Both Drew and MacDonald find that customers are willing to spend a little more for products that are sustainable, stylish and long-lasting.

“You can go to Walmart and buy a sweater that in six months or a year you throw away, or you can spend $100 on yarn and create a sweater that your grandchildren will still be able to wear,” said MacDonald. “What is more cost effective? And buying products made close to home – now that’s stylish.”

Drew said that while products made from alpaca fiber for general wear can be pricier than those bought at a department store, they’re going to last much longer.

“I sell heavy work socks that cost about $25. A man who works outside buys them from me and he thinks $25 is great. He wears them every day and they hold up. The warmth and quality makes it affordable, really,” she said.

Eventually, even the best-made fiber goods begin to wear. Enter Jack and Mary Designs. The York-based company creates “eco-friendly, American-made, hand-crafted, fashion-forward accessories made from recycled sweaters.” For 10 years, fabric artist Marilyn Robertson of Jack and Mary has been repurposing old knitwear into gloves, mittens and more.

Robertson’s commitment to producing functional, stylish accessories that are hand-made in Maine has earned the company a following. The former interior designer said she “channels her eye for design and love of color into creating one-of-a-kind, artful accessories.”

While the company first focused on making handbags from sweaters, it now makes mittens, headbands, boot cuffs and flower pins. The products of Jack and Mary Designs are the epitome of upcycling by converting old or discarded materials into something useful and often more beautiful.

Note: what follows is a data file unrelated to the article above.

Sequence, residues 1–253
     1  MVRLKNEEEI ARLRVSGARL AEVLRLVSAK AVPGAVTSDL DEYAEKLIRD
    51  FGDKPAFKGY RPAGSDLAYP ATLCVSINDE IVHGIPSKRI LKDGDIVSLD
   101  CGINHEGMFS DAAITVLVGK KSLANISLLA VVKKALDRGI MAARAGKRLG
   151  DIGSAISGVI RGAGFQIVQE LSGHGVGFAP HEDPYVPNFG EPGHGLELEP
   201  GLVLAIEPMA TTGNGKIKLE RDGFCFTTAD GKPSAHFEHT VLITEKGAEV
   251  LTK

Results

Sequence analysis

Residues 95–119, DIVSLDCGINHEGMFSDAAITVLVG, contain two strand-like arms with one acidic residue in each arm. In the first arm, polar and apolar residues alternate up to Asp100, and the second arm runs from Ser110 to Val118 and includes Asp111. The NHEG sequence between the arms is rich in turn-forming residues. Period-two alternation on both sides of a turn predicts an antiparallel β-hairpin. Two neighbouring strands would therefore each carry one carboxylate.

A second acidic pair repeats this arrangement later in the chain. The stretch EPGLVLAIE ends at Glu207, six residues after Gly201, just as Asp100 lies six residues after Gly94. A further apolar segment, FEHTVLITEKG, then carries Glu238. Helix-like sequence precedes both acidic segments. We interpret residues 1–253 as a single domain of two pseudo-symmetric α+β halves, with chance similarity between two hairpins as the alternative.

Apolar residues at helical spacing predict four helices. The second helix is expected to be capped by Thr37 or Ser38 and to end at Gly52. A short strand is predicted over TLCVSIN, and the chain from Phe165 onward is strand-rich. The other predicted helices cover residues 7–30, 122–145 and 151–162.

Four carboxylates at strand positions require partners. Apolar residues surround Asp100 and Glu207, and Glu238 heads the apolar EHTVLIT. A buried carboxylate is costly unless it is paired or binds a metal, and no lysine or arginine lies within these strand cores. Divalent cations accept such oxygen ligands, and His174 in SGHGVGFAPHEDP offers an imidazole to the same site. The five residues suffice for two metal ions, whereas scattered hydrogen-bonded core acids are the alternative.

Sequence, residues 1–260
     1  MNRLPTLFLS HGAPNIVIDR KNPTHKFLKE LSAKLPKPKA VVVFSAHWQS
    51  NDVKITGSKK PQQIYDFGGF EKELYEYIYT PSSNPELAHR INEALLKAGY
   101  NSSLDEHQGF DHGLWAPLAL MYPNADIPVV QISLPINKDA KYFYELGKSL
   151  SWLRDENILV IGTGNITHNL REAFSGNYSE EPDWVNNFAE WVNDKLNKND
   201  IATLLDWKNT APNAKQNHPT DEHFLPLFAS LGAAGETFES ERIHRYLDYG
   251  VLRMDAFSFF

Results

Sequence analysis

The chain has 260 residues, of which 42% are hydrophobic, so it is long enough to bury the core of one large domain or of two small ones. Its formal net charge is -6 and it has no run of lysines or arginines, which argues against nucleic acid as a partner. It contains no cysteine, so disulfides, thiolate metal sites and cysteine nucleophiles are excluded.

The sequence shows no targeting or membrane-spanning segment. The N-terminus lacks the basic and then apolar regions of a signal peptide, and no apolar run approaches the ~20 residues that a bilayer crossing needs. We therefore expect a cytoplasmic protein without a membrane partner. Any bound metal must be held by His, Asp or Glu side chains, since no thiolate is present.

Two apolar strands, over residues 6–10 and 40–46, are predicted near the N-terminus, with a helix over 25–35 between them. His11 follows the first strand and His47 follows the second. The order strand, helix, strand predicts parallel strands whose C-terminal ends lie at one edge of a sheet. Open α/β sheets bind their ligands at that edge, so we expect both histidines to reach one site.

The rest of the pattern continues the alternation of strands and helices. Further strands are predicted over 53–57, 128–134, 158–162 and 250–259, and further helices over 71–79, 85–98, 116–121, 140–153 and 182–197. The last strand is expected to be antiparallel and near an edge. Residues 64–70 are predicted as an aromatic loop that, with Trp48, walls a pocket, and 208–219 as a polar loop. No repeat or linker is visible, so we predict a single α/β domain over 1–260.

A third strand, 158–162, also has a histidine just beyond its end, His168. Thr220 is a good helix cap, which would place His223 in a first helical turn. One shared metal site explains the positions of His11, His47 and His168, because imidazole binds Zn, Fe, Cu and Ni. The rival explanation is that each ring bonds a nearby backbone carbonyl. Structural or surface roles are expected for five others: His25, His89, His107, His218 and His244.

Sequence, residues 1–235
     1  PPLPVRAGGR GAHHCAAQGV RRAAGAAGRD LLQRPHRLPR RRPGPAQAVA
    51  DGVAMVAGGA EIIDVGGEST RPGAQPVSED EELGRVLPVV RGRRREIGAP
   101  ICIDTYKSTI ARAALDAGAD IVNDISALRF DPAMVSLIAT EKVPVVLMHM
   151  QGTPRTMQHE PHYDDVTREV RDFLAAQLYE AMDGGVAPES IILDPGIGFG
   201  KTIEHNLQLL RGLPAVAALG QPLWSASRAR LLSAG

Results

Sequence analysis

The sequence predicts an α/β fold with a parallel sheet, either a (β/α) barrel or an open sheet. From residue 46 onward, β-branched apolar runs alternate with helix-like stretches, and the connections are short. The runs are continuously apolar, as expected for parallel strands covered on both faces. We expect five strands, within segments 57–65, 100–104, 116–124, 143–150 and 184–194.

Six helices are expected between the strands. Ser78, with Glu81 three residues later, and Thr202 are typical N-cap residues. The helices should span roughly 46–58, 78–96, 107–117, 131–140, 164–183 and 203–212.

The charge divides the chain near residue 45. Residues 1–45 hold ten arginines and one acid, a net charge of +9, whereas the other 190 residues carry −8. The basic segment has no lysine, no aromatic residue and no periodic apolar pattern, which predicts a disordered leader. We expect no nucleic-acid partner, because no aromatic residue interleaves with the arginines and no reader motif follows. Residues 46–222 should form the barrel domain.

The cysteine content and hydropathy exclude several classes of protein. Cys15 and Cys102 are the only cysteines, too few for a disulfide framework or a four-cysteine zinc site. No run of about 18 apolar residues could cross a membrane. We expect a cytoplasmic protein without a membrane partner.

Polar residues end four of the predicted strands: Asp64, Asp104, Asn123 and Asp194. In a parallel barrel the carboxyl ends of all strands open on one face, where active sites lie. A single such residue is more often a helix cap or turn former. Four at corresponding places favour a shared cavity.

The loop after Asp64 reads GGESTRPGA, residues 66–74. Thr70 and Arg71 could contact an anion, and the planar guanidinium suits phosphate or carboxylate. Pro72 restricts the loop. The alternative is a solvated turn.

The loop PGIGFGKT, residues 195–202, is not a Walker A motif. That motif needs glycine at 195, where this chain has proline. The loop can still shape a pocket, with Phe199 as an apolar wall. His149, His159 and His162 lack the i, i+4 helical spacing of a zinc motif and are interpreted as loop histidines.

“I love good design. I like the challenge of finding uses for materials that otherwise may be discarded,” said Robertson. “I think there is a trend to buying items that have a story and are made in the USA. “

Robertson thinks companies have become more aware of sustainability and are looking at ways to integrate it into their businesses. And while she said she is not sure what the motivating reason is for most companies she is sure the movement toward sustainability is a good thing.

“It’s about taking what we need to live now, without jeopardizing the potential for people in the future to meet their needs,” said Robertson. “I look at sustainability as a responsible and fiscally responsible way to live. I do what I do because I love to design and create. The one theme that has been constant in all of my businesses has been reusing materials. I believe in redesigning.”

Fingerless gloves are a popular item at Jack and Mary Designs, based in York.  Marcia MacDonald has been raising alpacas at her farm in Buxton since 2001. She uses the fiber from her animals to make yarn and other products.  Lana Plantae yarn is hand dyed with all-natural, plant-based material. The yarn is spun from the fiber of alpacas at Long Plains Farm. The mittens pictured here are made from recycled sweater material, as are all the fiber products available through Jack and Mary Designs.Pamela Drew sells a large selection of fiber products in a small shop at her home in Arundel, as well as at fairs and festivals throughout Maine.